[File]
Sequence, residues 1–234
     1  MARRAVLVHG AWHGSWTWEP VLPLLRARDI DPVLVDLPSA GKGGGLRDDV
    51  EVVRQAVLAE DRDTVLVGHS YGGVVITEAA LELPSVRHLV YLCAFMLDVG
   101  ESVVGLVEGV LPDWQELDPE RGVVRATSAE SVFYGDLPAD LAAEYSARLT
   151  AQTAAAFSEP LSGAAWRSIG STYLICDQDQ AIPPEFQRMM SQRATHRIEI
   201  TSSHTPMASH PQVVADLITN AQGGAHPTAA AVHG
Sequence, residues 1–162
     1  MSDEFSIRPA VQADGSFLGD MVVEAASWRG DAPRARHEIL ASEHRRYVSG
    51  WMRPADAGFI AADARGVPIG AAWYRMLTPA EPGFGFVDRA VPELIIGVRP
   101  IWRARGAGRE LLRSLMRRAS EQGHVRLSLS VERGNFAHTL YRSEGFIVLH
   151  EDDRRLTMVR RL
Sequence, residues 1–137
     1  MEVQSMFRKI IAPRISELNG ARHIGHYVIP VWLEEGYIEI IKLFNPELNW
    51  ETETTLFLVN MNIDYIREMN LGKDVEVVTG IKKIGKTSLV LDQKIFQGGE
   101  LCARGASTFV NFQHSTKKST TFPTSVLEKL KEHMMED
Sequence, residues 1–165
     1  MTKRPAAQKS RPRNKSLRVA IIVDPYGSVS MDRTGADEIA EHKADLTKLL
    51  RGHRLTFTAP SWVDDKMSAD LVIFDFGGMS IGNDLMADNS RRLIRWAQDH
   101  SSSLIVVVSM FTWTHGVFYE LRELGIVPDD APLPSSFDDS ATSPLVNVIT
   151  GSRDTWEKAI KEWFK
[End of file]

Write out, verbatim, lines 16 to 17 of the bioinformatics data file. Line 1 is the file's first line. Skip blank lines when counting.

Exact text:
Sequence, residues 1–165
     1  MTKRPAAQKS RPRNKSLRVA IIVDPYGSVS MDRTGADEIA EHKADLTKLL